You might find that you or someone you know needs to have a urinary catheter at some point. Many different things can cause one to need to have catheters. Check on any of the major medical news sites or journals and you will find people who have to have them put in because of accidents, surgeries, loss of bladder control, age and more. Even though no one wants to talk about them, the truth is that they are very much a part of daily life for some people. Instead of avoiding talking about them if you happen to need one, you need to learn as much as you possibly can about the proper care of them.
Only when you know how to take care of the catheters will you be able to avoid one of the most common infections that patients get. The urinary tract infection, known as a UTI, is an annoying and sometimes painful infection of the urethra and the bladder. Even though they are common, you can avoid these infections when you exercise proper caution around your catheter. If you are in a hospital setting and the doctor or nurse is taking care of the device, make sure that they are always using sterile procedure. They should, but even the professionals can forget when they are in a hurry. Don't feel ashamed to remind them that they need to remain sterile.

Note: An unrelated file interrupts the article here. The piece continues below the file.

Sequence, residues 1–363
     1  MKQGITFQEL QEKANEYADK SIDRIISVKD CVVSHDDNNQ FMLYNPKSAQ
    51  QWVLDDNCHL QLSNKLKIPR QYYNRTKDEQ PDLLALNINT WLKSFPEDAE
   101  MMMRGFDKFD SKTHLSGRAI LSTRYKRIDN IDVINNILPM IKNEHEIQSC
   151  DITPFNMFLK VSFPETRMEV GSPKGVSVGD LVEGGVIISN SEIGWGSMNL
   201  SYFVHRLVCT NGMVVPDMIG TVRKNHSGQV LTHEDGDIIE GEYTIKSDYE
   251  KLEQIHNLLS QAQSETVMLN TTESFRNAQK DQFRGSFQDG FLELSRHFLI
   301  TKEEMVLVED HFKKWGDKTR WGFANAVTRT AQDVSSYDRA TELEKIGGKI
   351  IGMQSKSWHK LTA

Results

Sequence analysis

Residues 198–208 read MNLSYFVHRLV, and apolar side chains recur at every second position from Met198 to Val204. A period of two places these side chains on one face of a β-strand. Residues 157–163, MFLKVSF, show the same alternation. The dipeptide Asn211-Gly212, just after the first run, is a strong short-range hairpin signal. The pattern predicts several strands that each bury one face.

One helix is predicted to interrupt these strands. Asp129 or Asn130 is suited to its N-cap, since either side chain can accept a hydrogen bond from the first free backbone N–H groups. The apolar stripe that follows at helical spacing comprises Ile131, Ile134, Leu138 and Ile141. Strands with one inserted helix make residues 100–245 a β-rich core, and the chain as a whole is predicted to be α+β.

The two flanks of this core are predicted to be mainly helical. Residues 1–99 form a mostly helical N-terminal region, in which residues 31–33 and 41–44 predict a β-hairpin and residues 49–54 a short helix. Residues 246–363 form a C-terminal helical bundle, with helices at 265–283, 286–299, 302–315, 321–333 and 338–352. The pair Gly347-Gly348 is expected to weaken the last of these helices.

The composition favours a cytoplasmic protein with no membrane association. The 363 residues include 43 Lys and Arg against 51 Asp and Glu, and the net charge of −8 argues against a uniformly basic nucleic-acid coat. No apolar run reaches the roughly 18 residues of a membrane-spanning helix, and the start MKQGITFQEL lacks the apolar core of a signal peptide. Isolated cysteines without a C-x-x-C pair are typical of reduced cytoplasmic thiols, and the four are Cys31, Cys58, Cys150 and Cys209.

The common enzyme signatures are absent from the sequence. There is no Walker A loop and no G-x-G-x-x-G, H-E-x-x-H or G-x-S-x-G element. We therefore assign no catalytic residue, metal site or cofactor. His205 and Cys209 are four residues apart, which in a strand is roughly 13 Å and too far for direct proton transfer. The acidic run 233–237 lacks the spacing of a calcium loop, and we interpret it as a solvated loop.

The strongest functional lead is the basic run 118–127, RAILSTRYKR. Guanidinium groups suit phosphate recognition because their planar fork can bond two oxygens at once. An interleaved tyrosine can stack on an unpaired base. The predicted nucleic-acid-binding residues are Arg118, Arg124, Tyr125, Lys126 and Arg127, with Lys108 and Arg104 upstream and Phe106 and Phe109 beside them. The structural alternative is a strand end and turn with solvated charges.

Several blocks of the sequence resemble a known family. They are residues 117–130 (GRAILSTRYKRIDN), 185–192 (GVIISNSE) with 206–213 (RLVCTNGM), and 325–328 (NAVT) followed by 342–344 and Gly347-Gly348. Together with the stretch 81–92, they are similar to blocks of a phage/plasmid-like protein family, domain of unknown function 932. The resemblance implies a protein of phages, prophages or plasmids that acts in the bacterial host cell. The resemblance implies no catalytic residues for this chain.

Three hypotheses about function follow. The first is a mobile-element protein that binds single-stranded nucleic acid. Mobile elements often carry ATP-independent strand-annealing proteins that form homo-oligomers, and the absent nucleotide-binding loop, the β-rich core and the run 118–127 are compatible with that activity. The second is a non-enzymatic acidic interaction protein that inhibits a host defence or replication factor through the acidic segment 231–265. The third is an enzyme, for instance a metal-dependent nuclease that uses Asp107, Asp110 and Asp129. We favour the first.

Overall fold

If you are at home and you or your caregiver is taking care of the catheters, you will have to know the sterile procedure and follow it. This means that anyone who is touching any part of the catheter needs to make sure that their hands are clean and that they are wearing exam gloves. You need to be careful when you are opening all of the supplies so that none of them has any contaminants on them. They should never touch anything that isn't sterile.
Following procedure when you are doing this on your own might seem tedious at first. It will soon become second nature though. You will find that getting into the habit of sterile procedure is going to serve you well when you have an indwelling catheter.
If you find that you still have an infection, even though you are sure that you've followed the procedure properly, make sure that you visit your doctor. He or she will likely set you up on antibiotics or prescribe some other treatment that can help.